Wandered off the highway for a moment there. The point is that I have, for all of my adult life, tried to find some enigmatic First Cause for suffering so that I can reconcile it with the concept of a Just multiverse wherein everything we do, regardless of how small or how important, means something. Because if our daily actions and thoughts ultimately have no meaning, then suffering in all its forms is simply a sadistic joke, and I can’t cotton to that.

Okay, the diabetes thing; I remember very clearly the moment I opened the letter from my doctor and read the words, “You definitely have Type II diabetes.” My stomach dropped and I felt a chill course through my chest. My wife, Lucy, and our friend Nayad Monroe were in the room, and both knew from the expression on my face that the news was, as the saying goes, Not Good at All.

It was the moment when the 5th-decade me realized that I was going to croak before my time if I did not do something about it. And I did: all sugar immediately vanished from my diet, I take in no more than 60 carbs per meal, and my job at the library requires that I move a lot of heavy boxes full of books. Since my diagnosis on December 19th of last year I have, as of this writing, dropped nearly 40 pounds and – if my wife is to be believed – have gotten somewhat “buff” (a word I thought I’d never hear a woman use in reference to my build).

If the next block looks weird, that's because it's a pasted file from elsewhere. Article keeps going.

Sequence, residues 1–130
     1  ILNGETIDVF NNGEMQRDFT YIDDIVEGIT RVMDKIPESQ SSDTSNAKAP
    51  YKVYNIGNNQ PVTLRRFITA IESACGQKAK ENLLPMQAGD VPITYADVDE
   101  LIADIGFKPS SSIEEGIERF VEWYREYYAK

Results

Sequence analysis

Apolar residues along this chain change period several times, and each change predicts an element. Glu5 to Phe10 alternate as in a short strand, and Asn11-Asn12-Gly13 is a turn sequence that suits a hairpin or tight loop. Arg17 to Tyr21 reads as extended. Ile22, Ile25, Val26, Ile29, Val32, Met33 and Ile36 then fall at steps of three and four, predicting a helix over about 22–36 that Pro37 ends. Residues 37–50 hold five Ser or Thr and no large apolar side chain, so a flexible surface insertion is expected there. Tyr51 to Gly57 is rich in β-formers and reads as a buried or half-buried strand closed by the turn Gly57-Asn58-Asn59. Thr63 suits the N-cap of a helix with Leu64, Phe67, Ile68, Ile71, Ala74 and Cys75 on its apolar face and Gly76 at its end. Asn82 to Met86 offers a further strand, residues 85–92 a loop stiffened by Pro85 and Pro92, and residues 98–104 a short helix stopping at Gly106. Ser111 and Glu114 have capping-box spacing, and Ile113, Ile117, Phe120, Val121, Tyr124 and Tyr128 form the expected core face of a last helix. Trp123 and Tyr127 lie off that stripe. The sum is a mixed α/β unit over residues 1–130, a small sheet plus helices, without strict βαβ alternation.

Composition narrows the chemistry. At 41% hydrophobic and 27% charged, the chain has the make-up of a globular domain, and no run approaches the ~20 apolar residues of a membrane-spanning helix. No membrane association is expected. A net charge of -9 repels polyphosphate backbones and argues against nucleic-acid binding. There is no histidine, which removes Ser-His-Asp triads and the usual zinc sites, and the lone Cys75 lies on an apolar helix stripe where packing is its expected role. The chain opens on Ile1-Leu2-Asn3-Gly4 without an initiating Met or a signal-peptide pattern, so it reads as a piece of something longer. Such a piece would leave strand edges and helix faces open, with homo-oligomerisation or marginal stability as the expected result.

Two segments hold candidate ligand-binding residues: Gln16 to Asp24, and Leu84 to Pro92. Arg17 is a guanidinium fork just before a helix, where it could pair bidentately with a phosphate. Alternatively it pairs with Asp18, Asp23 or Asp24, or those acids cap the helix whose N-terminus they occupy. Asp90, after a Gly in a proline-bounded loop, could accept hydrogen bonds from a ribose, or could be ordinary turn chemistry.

This was the catalyst for my at last coming to grips with my absolute, inexorable, complete powerlessness to relieve the suffering of others – but, like the realization that the Final Countdown for my life has begun – accepting my helplessness in the grand scheme of things brought home one undeniable fact; just as my own health and welfare were in my hands and my hands only, so was my goal of reconciliation: in short, I cannot relieve suffering in the grand scheme, but when I see or sense it in others, I have a new mantra: The world will not be this way in reach of my arm.

And it’s helped. I sleep better most nights. I don’t have to worry that I’m going to be assaulted from behind by memories of my sins of omission and break down crying for no reason. I can glimpse my reflection in a window or mirror or inverted in a spoon and not detest the man who stares back at me – and I never thought I’d reach that point.

And I genuinely believe that I could not have reached this point had I not been diagnosed with diabetes. In an odd way, it’s turned out to be one of the best things that’s ever happened to me. It’s given me a new outlook on the type of fiction I write, and the stuff you’re going to see coming out later this year and during 2014 is going to reflect that.

Because the world will not be this way within reach of my arm.




Mo*Con VIII: The Mind and Spirit of the Artist

May 3 – 5, 2013.  Indianapolis, IN

Previous Guest Blogs:

Maurice Broaddus – Being Crazy, Christian, and Creative

Lucy Snyder

Doug Warrick

Jim C. Hines

Gary A. Braunbeck

Nate Southard

Delilah Dawson

Michelle Pendergrass

Steven Saus

Janet Harriett